The Language of Inclusion | The UCSB Current

It’s a truism that words matter. Anne H. Charity Hudley knows that how we say them conveys a wealth of information about our social status, education, where we’re from and much more. Indeed, that variation in language, especially among African Americans, is the focus of Charity Hudley’s highly regarded scholarship as a linguist.

Her research will continue at UC Santa Barbara. Charity Hudley is the first North Hall Endowed Chair in the Linguistics of African America in the campus’s Department of Linguistics. She will also serve as the director of undergraduate research for the school’s College of Letters and Science. She comes to UCSB from the College of William & Mary.

 “Professor Charity Hudley is the ideal scholar to hold the North Hall Chair in the Linguistics of African America, not only due to her intellectual brilliance and professional prominence but also because of her innovative blending of scholarship and social and educational justice,” said Matthew Gordon, professor and chair of UCSB’s linguistics department. “Her work powerfully demonstrates that these two pursuits are not and cannot be separated, and that linguists must be at the forefront of efforts to achieve a more equitable academy and society.”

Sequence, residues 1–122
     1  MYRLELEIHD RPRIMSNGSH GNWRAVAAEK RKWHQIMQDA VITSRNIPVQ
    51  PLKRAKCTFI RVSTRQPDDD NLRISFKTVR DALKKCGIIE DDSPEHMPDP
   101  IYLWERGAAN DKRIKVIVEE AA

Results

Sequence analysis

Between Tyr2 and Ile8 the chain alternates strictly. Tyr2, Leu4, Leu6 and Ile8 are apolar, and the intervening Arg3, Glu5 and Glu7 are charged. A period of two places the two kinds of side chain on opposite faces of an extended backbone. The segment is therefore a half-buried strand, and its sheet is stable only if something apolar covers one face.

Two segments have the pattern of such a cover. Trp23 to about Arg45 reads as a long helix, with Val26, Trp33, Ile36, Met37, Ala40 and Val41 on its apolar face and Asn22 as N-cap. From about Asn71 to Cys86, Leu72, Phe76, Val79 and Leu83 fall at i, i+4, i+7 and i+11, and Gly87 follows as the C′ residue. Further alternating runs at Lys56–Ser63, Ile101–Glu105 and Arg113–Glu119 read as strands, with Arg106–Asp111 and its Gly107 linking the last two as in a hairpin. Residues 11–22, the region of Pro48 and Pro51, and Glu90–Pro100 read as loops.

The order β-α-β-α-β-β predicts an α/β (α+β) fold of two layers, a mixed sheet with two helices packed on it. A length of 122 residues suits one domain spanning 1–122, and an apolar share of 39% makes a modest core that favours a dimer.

Charity Hudley said her dual roles on campus complement one another. As the North Hall Endowed Chair, she will “focus on enhancing social sciences and a humanistic approach into thinking about African American language and culture.” Her work as director of undergraduate research, she said, will key on “enhancing the undergraduate research experiences and opportunities on campus.”

“If you really want to make sure your university is more inclusive, particularly for African American students, coming through what the heart of a university is, research, I think that’s really the way to do it,” Charity Hudley explained. “Combining the two positions will really allow me to get at the heart of making sure opportunities will…

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